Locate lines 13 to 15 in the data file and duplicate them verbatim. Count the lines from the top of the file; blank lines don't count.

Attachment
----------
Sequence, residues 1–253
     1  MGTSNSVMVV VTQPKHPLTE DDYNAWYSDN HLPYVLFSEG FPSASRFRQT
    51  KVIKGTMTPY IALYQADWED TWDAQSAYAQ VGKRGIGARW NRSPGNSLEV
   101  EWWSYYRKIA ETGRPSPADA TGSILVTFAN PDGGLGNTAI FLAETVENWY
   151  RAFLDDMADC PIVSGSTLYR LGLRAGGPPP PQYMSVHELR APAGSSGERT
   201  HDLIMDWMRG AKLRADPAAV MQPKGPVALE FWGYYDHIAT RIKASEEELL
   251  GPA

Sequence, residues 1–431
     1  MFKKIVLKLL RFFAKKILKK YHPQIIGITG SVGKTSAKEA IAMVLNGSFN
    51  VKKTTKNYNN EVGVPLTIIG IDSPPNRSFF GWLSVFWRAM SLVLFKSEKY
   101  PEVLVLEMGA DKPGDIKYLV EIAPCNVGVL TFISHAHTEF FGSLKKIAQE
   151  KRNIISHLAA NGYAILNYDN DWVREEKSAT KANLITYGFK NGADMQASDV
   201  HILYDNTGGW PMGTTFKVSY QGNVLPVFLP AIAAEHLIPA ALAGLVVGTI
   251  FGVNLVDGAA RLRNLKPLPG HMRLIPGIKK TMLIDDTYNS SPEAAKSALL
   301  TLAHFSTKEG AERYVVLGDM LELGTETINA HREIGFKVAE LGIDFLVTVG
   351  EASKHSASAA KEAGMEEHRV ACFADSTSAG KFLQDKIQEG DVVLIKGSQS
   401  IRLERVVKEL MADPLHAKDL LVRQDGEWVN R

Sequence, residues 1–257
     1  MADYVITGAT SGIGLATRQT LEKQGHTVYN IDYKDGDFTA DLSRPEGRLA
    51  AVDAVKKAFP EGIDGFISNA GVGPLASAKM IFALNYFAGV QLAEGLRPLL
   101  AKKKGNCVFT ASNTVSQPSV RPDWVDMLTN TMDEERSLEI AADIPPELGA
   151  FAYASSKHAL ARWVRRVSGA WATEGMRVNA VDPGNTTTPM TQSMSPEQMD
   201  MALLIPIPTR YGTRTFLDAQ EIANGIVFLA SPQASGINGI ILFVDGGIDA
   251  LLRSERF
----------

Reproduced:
   201  HILYDNTGGW PMGTTFKVSY QGNVLPVFLP AIAAEHLIPA ALAGLVVGTI
   251  FGVNLVDGAA RLRNLKPLPG HMRLIPGIKK TMLIDDTYNS SPEAAKSALL
   301  TLAHFSTKEG AERYVVLGDM LELGTETINA HREIGFKVAE LGIDFLVTVG